Huang, Shar-yin (NCI)
Wang, Wenjie (NCI)
Wang, Weidong (NIA)
Saha, Sourav (NCI)
Zhang, Tianyi (National Institute on Aging)
Garcia-Blanco, Mariano (University of Texas Medical Branch)
Shi, Pei-Yong (University of Texas Medical Branch)
Tse-Dinh, Yuk-Ching (Florida International University)
Kennedy-Boone, Debbie (University of Texas Medical Branch)
Topoisomerase 3B (TOP3B) is the only topoisomerase that can act on RNA as well as DNA, and thus has been a target of interest for the development of cancer therapies and RNA viral infection therapies. In the context of cancer, TOP3B is not an essential gene, but a subset of cancer cells with pre-existing genome instability are particularly vulnerable to the inactivation of TOP3B. While inhibitors for other topoisomerases are among the most potent and widely used anticancer agents, there are no known inhibitors of TOP3B. In the context of RNA viral infections, TOP3B has been implicated as a host factor for the replication of positive strand RNA viruses, particularly flaviviruses (i.e., Zika, West Nile, and Dengue) and coronaviruses (i.e., SARS-Cov1 and -2). TOP3B RNA-cleavage complexes could be targeted and trapped by inhibitors, causing persistent RNA damage to block viral RNA replication. This mechanism resembles the one employed by inhibitors of topoisomerases 1 and 2, which block DNA replication of cancer cells. TOP3B inhibitors could thus be valuable RNA virus drugs and anticancer drugs. However, to date no TOP3B inhibitors have been approved for antiviral or anticancer applications.
Researchers at the NIH (NCI and NIA) and their collaborators have discovered a family of cyanine dyes that could be used for anticancer and/or antiviral applications. The compounds have been shown to induce and stabilize TOP3B-RNA cleavage complexes in vitro and inhibit coronavirus replication in vitro. For example, one compound was shown to inhibit mouse coronavirus (MHV) in vitro with an IC50 of ~20 nM and is more potent than the FDA-approved drug remdesivir. At 1 uM, the same compound was shown to also inhibit human SARS-Cov2 replication in vitro by 4 orders of magnitude. In addition, these compounds have been shown to inhibit Zika virus (Dakar strain) in vitro with comparable efficacy as another commonly used flavivirus inhibitor (NITD-008). Furthermore, in vivo evaluation of the compounds in a mouse model of MHV revealed the compounds remain safe at 0.1mg/kg, can significantly inhibit viral replication and suppress MHV levels in the lung after intranasal application. These data support the development of the cyanine dye compounds as antiviral drugs to combat COVID-19 and other pandemics caused by RNA viruses. Overall, these cyanine dye-based compounds are potent inhibitors of TOP3B.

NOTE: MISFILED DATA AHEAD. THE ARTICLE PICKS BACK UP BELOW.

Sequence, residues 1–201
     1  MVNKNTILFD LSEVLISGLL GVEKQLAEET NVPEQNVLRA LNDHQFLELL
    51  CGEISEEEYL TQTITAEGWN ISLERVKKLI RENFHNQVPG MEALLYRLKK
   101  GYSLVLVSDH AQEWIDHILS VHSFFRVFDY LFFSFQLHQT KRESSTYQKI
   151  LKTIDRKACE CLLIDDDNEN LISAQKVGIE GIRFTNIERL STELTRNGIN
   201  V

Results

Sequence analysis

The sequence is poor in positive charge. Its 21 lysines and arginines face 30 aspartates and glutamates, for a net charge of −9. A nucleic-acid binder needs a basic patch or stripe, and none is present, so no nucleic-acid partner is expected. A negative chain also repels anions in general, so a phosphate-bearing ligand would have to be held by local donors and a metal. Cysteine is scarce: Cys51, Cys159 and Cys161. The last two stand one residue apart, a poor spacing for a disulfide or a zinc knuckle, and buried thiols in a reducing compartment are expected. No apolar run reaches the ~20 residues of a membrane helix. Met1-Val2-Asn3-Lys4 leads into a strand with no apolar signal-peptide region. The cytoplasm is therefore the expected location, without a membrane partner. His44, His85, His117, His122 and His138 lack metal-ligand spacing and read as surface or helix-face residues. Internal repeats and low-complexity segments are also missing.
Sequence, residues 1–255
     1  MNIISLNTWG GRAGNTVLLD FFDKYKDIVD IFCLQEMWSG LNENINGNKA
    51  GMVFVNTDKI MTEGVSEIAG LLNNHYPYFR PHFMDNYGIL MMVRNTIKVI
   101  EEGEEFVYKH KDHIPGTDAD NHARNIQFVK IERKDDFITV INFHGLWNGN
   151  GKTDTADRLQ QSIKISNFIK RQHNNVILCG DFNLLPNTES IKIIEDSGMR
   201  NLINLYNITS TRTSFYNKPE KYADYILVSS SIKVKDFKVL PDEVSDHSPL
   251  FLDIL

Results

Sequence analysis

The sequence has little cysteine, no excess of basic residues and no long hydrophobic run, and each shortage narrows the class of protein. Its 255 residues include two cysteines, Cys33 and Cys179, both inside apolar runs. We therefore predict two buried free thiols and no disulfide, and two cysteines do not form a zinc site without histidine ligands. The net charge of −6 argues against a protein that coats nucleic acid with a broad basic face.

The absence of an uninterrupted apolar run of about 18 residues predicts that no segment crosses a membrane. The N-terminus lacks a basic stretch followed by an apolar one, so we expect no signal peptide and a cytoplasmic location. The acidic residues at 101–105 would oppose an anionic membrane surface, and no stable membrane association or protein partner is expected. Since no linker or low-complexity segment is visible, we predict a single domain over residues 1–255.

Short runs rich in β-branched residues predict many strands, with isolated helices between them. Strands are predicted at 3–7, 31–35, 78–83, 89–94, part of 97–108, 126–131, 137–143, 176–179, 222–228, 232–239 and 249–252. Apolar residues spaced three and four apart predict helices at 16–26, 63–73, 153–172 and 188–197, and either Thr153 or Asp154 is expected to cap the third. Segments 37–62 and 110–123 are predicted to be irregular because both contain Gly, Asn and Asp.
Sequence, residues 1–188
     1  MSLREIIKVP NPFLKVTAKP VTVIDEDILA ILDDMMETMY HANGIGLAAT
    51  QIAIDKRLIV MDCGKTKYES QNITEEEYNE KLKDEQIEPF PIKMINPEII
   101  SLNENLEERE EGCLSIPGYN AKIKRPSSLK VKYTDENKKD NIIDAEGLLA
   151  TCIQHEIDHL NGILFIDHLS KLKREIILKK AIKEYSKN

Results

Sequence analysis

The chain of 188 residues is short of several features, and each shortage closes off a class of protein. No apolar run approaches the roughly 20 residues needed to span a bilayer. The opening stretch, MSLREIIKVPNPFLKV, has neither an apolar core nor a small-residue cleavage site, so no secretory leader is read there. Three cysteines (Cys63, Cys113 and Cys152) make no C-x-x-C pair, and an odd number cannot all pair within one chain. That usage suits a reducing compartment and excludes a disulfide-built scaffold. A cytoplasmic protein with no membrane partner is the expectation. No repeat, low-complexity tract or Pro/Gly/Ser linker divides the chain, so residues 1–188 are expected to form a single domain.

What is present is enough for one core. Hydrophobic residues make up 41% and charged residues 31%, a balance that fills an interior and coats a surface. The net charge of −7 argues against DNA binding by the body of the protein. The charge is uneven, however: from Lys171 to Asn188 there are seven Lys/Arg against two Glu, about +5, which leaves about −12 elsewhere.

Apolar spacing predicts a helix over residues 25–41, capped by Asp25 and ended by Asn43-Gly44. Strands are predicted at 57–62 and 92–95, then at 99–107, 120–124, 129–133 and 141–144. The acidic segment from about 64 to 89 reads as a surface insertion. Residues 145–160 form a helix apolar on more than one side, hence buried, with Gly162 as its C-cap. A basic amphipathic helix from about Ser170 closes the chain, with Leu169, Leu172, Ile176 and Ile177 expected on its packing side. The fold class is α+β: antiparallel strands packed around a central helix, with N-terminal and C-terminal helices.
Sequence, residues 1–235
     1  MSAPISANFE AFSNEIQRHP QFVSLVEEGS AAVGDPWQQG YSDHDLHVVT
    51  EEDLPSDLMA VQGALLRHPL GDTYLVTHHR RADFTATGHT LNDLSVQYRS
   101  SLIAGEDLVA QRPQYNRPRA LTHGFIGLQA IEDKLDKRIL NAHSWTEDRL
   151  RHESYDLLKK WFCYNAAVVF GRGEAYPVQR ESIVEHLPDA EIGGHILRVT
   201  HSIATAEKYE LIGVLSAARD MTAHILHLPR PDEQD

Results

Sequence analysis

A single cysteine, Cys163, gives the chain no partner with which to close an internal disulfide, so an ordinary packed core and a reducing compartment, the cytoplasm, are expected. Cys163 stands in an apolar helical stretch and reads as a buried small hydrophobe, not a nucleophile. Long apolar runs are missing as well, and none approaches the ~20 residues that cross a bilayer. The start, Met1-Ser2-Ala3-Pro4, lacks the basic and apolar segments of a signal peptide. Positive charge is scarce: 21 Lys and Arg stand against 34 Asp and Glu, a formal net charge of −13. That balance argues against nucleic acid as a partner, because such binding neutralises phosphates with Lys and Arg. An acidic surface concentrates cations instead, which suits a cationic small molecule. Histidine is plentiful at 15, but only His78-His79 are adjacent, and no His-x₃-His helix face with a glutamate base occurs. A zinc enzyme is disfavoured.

The NCI is seeking co-development research collaborations and/or licensees to further develop these cyanine dye-based TOP3B inhibitors into antiviral and/or anticancer agents.
- First-in-class TOP3B inhibitors for both anticancer and antiviral applications
- Similar mechanism to currently used and approved TOP1 and TOP2 inhibitors, but for RNA versus DNA
- Time- and dose- dependent effect on RNA-TOP3 cleavage complexes
- Effective and potent inhibition of viral replication in vitro and in vivo
- COVID-19 and other RNA-viral infection therapy
- Anticancer agents
- Molecular probes to study the biology of TOP3B